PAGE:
It is not beyond the realm of possibility that the PKK could eventually take over Erbil.
By Michael Rubin
The Iraqi government in Baghdad and the Kurdistan Regional Government in Erbil signed a joint security agreement on Oct. 9, 2020, “to restore stability and normalize the situation in Sinjar,” the disputed mountainous district in northwestern Iraq largely populated by Iraq’s minority Yezidi population. The urgency of the deal—and the reason why the State Department and the United Nations both supported the talks—had less to do with Sinjar’s status as disputed territory between the governments in Baghdad and Erbil and more to do with a desire to shut-out the Kurdistan Workers Party (PKK).
The PKK emerged more than forty years ago against the backdrop both of Turkey’s political and ethnic polarization and the Cold War. In 2007, Aliza Marcus, a former foreign correspondent, wrote what remains the go-to history of the group and its imprisoned leader, Abdullah Öcalan. Suffice to say, Turkey considers the PKK a terrorist group and increasingly seeks to de-legitimize a growing network of Kurdish politicians and political organizations for supposed ties. For a quarter-century now, the United States has played along. In 1997, against the backdrop of U.S. efforts to support an arms sale to Turkey, the Clinton administration designated the PKK a foreign terrorist organization. While Belgium among other states has since re-examined and reconsidered evidence linking the PKK to terrorism, policy inertia and hostility from State Department’s deep-rooted Turkey lobby continues to block any U.S. reconsideration, despite the U.S. partnership with a PKK intellectual offshoot in northeastern Syria.
Neither the Iraqi deal over Sinjar nor the State Department’s efforts to delegitimize the PKK will work, however, for a simple reason: Punishing the PKK does not imbue its competitors with legitimacy. Consider Sinjar: The PKK took root in the region because most Yezidis believed Masoud Barzani’s Kurdistan Democratic Party betrayed the region’s Yezidis to the Islamic State.
The issue is not just Sinjar. Erbil may be the capital of Iraqi Kurdistan, home of a U.S. consulate, and a city dominated by the Barzani family, but the façade of stability is increasingly shaky. Locals—even nominal members of the Kurdistan Democratic Party—increasingly curse Prime Minister Masrour Barzani for his incompetence, repression, and corruption. Tensions between Masrour and his cousin Nechirvan Barzani, the regional president, are now out in the open. In recent days, the ruling family’s reputation took an additional hit when “Rebaz,” whom the Kurdish media describes as a retired intelligence service member, took to the airwaves to discuss various crimes and behaviors that the intelligence service had covered up, including allegations of rape against Nihad Barzani, brother of party leader Masoud and uncle of Masrour. In effect, local Kurds increasingly view the lawlessness of the Barzani family in much the same way that Iraqis once did Saddam Hussein and his sons Uday and Qusay. The American consul-general may sit in his compound and, from time-to-time, visit Kurdish officials in their offices, but the reality is that the Kurdistan Democratic Party is losing its legitimacy even in its traditional strongholds. Because most of the abuses and corruption are family-based, the PKK is able to juxtapose itself and maintain a clean image since its leadership is neither family-based nor involved in business dealings. Indeed, as the Kurdistan Democratic Party continues to hemorrhage popular legitimacy. Absent any other viable opposition parties not beset by the same family dynamics, it is not beyond the realm of possibility that the PKK could eventually take over Erbil.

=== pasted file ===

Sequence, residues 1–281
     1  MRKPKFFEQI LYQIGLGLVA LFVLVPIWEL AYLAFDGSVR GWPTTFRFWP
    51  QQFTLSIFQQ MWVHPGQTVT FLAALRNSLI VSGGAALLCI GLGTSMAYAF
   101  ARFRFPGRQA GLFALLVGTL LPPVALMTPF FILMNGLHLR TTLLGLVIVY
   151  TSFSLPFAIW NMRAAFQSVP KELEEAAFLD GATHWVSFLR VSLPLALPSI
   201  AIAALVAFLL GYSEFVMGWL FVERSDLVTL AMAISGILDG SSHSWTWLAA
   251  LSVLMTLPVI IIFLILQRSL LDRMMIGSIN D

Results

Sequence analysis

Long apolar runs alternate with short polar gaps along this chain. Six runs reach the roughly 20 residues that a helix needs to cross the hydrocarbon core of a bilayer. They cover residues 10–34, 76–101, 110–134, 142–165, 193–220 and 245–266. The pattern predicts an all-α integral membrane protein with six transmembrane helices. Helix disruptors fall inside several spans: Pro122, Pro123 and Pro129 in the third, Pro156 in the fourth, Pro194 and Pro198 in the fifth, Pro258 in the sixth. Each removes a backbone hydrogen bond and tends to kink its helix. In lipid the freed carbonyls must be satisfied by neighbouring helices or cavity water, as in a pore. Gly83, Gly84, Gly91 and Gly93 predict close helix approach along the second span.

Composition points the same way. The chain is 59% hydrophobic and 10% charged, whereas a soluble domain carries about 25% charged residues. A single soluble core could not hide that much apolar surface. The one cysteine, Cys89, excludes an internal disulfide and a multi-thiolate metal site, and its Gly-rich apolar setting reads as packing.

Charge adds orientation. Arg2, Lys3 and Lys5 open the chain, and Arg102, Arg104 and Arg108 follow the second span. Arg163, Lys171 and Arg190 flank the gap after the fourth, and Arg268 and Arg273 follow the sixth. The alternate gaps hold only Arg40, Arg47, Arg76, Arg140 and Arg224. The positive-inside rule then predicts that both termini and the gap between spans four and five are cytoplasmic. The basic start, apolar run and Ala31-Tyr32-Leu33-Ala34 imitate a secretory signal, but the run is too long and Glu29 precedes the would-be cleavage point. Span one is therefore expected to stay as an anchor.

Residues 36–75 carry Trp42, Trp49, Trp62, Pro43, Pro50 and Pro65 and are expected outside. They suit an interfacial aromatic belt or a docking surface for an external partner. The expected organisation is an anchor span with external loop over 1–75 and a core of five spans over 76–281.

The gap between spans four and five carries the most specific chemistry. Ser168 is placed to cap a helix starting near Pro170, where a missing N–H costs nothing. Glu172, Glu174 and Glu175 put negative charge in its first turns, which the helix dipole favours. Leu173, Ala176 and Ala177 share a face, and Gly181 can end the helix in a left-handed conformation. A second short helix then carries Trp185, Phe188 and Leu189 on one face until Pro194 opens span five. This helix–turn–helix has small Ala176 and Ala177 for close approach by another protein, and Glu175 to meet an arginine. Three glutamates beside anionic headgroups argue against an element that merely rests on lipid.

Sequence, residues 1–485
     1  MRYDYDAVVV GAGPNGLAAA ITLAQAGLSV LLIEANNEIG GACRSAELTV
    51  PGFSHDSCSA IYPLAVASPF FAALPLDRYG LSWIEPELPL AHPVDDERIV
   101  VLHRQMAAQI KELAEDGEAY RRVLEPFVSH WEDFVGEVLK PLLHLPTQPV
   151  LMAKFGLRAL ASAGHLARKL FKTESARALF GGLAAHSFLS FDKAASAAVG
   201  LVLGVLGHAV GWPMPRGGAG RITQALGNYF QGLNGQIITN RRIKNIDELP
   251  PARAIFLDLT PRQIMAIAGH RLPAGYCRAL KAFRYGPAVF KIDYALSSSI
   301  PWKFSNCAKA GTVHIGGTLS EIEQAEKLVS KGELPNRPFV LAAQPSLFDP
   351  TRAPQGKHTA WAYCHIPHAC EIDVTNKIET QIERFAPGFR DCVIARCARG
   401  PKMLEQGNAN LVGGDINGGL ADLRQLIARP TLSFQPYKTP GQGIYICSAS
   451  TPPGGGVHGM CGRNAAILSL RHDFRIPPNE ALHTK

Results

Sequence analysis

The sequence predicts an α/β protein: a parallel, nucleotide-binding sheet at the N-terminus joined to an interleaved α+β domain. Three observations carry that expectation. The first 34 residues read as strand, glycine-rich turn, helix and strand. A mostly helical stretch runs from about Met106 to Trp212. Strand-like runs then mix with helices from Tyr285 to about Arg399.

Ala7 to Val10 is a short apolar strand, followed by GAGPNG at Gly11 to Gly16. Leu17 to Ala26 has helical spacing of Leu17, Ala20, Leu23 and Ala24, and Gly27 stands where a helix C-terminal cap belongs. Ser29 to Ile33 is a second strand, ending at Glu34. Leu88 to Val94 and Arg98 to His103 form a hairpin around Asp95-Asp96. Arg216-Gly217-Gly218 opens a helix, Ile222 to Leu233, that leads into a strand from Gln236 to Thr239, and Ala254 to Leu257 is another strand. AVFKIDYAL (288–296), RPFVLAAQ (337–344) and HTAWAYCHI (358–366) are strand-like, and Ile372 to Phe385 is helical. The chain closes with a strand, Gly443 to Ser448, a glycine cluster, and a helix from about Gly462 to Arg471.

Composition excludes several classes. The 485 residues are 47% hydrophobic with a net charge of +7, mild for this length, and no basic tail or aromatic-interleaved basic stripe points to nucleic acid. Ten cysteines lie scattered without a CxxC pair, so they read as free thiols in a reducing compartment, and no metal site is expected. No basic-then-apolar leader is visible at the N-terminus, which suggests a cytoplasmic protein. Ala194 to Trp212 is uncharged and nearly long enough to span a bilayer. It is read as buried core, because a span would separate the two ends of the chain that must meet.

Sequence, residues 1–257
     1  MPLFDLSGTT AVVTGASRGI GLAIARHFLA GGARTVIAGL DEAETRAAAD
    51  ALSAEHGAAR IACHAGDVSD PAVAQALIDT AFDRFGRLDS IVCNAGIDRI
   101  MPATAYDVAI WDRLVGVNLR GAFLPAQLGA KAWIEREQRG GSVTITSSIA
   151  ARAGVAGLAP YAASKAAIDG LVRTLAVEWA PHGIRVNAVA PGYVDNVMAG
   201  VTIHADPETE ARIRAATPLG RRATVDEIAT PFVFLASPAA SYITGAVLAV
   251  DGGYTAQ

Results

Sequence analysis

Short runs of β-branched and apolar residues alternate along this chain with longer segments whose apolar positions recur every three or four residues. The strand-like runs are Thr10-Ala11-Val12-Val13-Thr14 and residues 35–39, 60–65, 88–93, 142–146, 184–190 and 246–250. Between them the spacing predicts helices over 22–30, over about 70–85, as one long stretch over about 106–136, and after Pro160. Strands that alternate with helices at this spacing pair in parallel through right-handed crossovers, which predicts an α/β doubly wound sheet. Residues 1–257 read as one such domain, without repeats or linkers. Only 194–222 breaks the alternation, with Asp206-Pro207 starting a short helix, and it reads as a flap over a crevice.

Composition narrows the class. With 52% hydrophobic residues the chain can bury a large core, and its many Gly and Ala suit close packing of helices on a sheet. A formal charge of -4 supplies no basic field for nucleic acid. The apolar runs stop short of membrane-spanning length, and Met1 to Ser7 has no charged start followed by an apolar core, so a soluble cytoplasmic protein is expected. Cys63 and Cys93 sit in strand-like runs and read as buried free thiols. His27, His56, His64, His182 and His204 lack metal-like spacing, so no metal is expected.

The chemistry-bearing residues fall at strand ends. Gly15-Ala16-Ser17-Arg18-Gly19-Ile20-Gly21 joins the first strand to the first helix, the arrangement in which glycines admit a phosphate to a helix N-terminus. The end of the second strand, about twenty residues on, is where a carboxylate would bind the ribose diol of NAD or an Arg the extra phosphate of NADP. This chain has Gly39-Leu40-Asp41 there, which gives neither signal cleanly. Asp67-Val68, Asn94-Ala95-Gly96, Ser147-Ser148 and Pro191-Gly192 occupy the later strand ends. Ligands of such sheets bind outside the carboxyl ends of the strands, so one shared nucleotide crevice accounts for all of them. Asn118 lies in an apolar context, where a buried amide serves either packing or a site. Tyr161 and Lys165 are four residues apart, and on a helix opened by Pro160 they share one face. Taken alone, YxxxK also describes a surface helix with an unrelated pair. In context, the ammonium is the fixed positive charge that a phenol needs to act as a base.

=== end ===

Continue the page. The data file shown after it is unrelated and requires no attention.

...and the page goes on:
The same dynamic is at play in northeastern Syria. The State Department has for years sought to promote Kurdistan Democratic Party proxies at the expense of those parties that evolved philosophically out of the PKK, but has consistently failed for a simple reason: corruption delegitimizes any party dominated by a single family. Nor do locals see appeasing Ankara any more realistic a solution than appeasing Beijing as a just solution for Uighur-populated areas in China.
Turkey and the State Department may be frustrated that the PKK continues to grow in both strength and popularity in Syria, Iraq and, for that matter, Iran and Turkey itself. Turkish leaders and American diplomats should understand why: Turkey may indoctrinate its population to believe the PKK are terrorists, but for most Kurds, the group is the only viable alternative to a political order permeated with corruption. This does not mean that PKK affiliates do not have their own democratic deficits nor that abuses of power have not occurred. Nor does it mean that the United States must endorse the PKK’s past or embraces its narratives about itself. Instead, a more deft and realistic Washington policy would be to engage with Kurdish groups that have foresworn political violence in order to improve their capacity and respective for democracy. American diplomats can continue meeting with Barzani office-holders, but should also meet with their PKK opposition. In short, it should treat the PKK an equal party. For the United States to suggest, however, Yezidis should just get over Masrour’s betrayal, that Kurdish civil society should put up with repression and corruption, or that Kurds should ignore allegations that Barzani family members have not engaged in the worst crimes girls in a conservative society can endure are all losing arguments. Simply put, it is time that the United States stop designing its Kurdish policies through the lens of Turkey or a ruling family increasingly illegitimate in the eyes of its constituents, and instead work with those movements that have established real grassroots legitimacy. Excluding and designating the PKK simply will never work.